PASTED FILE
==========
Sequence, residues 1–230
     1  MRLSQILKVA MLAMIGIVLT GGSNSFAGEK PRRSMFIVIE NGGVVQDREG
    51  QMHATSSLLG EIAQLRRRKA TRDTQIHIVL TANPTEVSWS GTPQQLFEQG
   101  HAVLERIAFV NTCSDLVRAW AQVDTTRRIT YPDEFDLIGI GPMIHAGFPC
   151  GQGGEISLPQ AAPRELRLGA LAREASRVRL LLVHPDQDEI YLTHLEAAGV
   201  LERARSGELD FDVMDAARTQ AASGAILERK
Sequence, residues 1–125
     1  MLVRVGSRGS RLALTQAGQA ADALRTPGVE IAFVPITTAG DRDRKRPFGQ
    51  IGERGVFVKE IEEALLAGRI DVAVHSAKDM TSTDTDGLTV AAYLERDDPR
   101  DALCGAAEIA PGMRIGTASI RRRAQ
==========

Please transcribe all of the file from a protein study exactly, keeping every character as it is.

Sequence, residues 1–230
     1  MRLSQILKVA MLAMIGIVLT GGSNSFAGEK PRRSMFIVIE NGGVVQDREG
    51  QMHATSSLLG EIAQLRRRKA TRDTQIHIVL TANPTEVSWS GTPQQLFEQG
   101  HAVLERIAFV NTCSDLVRAW AQVDTTRRIT YPDEFDLIGI GPMIHAGFPC
   151  GQGGEISLPQ AAPRELRLGA LAREASRVRL LLVHPDQDEI YLTHLEAAGV
   201  LERARSGELD FDVMDAARTQ AASGAILERK
Sequence, residues 1–125
     1  MLVRVGSRGS RLALTQAGQA ADALRTPGVE IAFVPITTAG DRDRKRPFGQ
    51  IGERGVFVKE IEEALLAGRI DVAVHSAKDM TSTDTDGLTV AAYLERDDPR
   101  DALCGAAEIA PGMRIGTASI RRRAQ